I started my research into HR analytics over a year ago. After a careful review of the growing – but limited – existing literature on HR analytics, I bumped into a substantial lack of clarity across HR and management scholarship, and by so-called HR analytics experts in the industry.
There was – and there is to a certain extent – a lack of clarity in relation to subject matter terminology, with a misleading use of AI and data science jargon, whereby terms such as machine learning, algorithms, expert systems, and predictive analytics were used interchangeably.
And more importantly, there was a considerable dose of confusion around the added value that HR analytics can bring to the HR functions and more interestingly, to the business case and strategic role of HR in organizations.
Unpacking the level of confusion, the research objective that seemed obvious was simply to survey the landscape of HR analytics from a multi-stakeholder perspective, including HR professionals and data professionals alike.
But… why is there such a lack of clarity?
The response to that question was pretty straightforward:
HR analytics combines knowledge and expertise from three different disciplines: human resources, data management – also referred to IT systems and infrastructure – and data science and analytics.
Part of this challenge is caused by the fact that human resources management as a discipline has been historically detached from numerically-oriented components and thus, both HR practitioners and academics – with some exceptions – have not developed a quantitative skillset.
This has led both practitioner and academics within this space to ignore or neglect a wider range of knowledge produced in data systems, sciences and analytics, which by the way is key to the HR analytics organizational field.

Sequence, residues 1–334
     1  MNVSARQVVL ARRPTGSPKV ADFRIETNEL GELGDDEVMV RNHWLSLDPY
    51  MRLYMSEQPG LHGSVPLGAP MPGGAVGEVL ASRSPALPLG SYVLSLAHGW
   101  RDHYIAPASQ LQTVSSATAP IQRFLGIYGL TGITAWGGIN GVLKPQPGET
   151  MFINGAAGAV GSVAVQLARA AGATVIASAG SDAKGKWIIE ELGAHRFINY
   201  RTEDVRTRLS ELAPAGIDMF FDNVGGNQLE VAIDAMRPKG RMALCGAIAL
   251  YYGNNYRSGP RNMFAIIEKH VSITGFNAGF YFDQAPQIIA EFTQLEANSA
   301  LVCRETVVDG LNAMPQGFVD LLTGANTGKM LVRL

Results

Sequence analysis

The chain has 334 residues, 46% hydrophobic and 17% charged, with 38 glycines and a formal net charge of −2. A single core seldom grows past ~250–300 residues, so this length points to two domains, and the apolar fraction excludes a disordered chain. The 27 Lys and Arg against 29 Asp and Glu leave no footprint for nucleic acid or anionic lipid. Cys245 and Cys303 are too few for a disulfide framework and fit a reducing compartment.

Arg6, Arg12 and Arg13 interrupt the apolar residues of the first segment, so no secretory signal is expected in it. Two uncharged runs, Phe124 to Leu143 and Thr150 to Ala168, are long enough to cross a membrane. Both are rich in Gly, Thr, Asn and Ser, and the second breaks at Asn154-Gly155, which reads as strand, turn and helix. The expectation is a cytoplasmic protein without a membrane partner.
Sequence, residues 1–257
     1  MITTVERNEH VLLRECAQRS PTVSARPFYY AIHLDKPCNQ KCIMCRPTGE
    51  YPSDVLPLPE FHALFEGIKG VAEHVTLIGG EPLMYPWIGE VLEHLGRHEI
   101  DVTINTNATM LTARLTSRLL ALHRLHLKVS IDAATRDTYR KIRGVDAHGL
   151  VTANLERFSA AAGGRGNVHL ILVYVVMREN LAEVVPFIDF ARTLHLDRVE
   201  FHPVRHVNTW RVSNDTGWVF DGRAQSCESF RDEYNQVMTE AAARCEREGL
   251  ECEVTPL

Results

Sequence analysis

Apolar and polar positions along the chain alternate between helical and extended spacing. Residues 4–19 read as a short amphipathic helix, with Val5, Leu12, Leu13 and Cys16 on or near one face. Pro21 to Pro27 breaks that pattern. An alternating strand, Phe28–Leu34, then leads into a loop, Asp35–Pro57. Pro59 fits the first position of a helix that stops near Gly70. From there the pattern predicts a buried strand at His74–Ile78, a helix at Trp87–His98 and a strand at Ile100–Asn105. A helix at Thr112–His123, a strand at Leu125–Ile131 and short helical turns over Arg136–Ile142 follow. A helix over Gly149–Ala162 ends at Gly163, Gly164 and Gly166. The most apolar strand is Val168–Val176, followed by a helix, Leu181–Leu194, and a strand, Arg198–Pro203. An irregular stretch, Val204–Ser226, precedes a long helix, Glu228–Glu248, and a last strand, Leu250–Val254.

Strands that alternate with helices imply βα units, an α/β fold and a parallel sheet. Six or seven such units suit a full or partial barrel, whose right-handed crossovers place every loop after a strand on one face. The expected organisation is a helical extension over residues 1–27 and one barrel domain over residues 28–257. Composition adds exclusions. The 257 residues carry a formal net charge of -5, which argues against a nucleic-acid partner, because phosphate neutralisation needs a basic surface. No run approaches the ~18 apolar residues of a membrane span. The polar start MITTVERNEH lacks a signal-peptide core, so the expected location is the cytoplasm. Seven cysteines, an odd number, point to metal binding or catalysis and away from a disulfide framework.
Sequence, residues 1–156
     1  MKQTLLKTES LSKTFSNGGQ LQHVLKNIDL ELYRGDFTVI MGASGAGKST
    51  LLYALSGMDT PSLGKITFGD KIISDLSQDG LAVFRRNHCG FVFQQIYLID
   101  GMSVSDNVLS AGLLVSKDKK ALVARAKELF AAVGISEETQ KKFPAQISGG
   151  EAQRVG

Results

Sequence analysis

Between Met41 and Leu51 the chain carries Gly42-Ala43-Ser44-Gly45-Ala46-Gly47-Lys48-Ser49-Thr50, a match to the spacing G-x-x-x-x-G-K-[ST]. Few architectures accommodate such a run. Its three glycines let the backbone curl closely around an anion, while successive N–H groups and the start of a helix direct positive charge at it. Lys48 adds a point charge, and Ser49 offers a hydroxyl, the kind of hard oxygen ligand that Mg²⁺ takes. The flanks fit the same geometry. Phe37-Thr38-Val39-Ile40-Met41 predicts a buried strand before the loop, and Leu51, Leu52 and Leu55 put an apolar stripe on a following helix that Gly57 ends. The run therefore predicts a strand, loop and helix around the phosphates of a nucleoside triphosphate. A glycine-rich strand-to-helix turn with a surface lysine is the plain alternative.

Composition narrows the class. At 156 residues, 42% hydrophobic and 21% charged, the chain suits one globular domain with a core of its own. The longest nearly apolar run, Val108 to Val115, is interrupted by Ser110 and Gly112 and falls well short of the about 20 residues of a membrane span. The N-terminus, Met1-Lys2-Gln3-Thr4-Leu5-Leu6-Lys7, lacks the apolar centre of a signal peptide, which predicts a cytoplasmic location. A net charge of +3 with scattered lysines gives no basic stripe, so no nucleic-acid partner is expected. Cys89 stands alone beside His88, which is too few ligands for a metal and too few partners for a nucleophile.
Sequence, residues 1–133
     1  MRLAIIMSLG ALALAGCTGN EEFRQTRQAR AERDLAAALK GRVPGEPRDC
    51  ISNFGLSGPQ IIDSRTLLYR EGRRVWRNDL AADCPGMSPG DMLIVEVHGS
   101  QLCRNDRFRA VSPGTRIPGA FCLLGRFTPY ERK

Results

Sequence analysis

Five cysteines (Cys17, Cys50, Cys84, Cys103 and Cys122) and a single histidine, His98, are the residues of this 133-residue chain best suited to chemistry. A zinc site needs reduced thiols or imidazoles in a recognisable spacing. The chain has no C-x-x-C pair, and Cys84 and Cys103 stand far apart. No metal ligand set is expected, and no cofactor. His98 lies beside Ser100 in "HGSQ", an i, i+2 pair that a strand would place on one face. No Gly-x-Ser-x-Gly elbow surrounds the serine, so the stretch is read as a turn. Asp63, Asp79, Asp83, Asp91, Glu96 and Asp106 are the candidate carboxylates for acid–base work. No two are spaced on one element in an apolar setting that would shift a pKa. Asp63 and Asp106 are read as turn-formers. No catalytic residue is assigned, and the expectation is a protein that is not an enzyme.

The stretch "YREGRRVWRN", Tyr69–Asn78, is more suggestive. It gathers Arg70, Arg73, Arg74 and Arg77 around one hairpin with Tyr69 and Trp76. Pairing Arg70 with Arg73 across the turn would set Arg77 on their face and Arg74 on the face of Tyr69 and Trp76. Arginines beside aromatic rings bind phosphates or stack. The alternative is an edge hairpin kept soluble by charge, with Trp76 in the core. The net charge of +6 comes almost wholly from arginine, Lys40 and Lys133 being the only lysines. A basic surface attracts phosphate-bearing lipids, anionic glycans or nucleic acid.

One of the main contributions in data science is that any analytics cycle should commence with business problem and should end with actionable interventions.
A definition which can be used in our field can read as follows:
“HR Analytics is the process of addressing a strategic HR concern making use of HR data (and business and external data if necessary), encompassing the following components: identification of an HR issue, research design, data management, data analysis, data interpretation and communication, and subsequent action plan and evaluation”.
In this figure we can observe how each of these components is undertaken through a different skillset: HR acumen, HR metrics, Research Methodologies, IT Systems and Data Infrastructure, Data Mining and Interpretation and Convincing Storytelling.
So against this backdrop, I set out to interview nearly 30 participants, mostly Heads of HR Analytics Functions, HR Managers, and HR Analytics professionals. The vast majority of the sample is made up by organizations based in Ireland, some in the UK and some in The Netherlands. Invitations were sent through LinkedIn upon a profile search with the following keywords in their current job title and/or job description ‘HR analytics’, ‘People analytics’, ‘Workforce analytics’ and ‘Talent analytics’. Interviews ranged from 45 min to 1 1/2 h of duration.
A common pattern was clear: a good deal of these organizations have a relatively small HR Analytics teams (3 or 4 team members on average) and were operating across different industries such as IT, aviation, finance and retail.
Most of them multinational corporations, the two most striking features or anomalies if you like were the following:
- the job title of the Heads of HR Analytics was different in each case;
- the professional education and trajectory of these professionals were in some science field (physics, engineering, etc.) or in statistics and mathematics, but rarely in General Business or HR.